[June 7 2011]
Representing straw-filled human forms inspired by T.S. Eliot’s poem The Hollow Men, the message by Geoffrey B. Small for the 54th Venice Biennale 2011 was one of activism and hope for a non-nuclear future. As part of the remarkable initiative LOGOMANIA: This is not a flower, Small’s work comes together with Ukrainian photographer Roman Tcherpak, filmmakers Elizaveta Kleinot and Andrey Gutsul. Presenting video, photography and still life installations, the artists’ work is their response to the serious threat looming over Venice with the government’s proposed constitution of the new and untested EPR nuclear reactor a mere 20km away from Piazza San Marco. Scheduled for 2013, the EPR reactor (AREVA EPR: European Pressurised Reactor) is the world’s largest and potentially most dangerous nuclear reactor in history – two of which had currently been under construction in Finland and France, now questioned by authorities.
Posing a permanent risk to Venice and far beyond, a nuclear disaster in this area would not only cause widespread contamination, destruction of our natural resources but also the evacuation of over 20 million people, affecting Western Europe on a grand scale. Actively raising awareness around the realities and costs of nuclear energy, the artists’ case is supported by the technical report and analysis of a nuclear power plant positioned at Chiogga, Venezia as conducted by University of Vienna Institute of Meteorology and the Eco Institute of Vienna for Greenpeace Austria 2010. Amongst the works included in the presentation, activist and fashion designer Geoffrey B. Small created his still-life installation using original pieces from his Logomania Revisited collection. His message, as seen in a film: ‘What they tell us… What they don’t tell us.’ Tcherpak produced a special series of photographs around the deserted city of Prepyat, Chernobyl for Small’s collection of t-shirts launched to support France’s largest anti-nuclear organisation SORTIR DU NUCLEAIRE, to allow the further development of renewable energies. As a rising new generation of international artists, their intent is one that comes as a sincere reinvigoration against propaganda and the forced, unnecessary risks governments are willing to take – forward the creative fight to save the planet from nuclear apocalypse.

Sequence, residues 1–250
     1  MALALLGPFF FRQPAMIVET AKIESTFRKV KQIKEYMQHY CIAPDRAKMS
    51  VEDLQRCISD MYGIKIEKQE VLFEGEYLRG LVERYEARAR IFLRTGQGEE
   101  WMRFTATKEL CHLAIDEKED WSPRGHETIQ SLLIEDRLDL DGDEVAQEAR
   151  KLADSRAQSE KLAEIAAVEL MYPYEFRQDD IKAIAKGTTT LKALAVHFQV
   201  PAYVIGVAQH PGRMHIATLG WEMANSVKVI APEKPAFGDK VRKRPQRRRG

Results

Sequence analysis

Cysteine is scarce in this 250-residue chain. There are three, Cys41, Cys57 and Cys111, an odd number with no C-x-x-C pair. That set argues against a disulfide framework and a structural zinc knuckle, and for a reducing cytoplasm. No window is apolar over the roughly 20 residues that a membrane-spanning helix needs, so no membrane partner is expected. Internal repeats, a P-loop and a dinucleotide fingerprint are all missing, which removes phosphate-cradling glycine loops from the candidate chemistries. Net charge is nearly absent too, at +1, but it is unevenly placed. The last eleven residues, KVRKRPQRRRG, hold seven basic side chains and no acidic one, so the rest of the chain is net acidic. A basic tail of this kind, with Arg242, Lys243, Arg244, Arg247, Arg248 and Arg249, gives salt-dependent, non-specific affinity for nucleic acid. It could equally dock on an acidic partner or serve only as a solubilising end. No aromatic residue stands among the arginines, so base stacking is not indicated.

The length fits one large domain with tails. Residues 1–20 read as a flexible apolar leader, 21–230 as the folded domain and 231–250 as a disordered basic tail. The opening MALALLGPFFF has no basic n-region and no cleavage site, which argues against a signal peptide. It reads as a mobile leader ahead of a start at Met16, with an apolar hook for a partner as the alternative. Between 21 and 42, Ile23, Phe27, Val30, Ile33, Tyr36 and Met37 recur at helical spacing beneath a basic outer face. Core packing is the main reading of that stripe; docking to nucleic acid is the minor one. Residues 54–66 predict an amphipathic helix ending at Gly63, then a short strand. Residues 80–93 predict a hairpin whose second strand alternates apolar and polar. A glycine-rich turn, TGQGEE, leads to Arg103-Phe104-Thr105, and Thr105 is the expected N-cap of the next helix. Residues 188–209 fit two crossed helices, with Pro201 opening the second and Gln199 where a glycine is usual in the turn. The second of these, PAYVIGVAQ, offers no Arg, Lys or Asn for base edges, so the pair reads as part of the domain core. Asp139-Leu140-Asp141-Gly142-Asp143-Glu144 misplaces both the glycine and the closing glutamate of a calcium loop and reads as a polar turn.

To find out more about Geoffrey B. Small’s anti-nuclear project click here.
Photo Olivier Zahm and text Sophie Pinchetti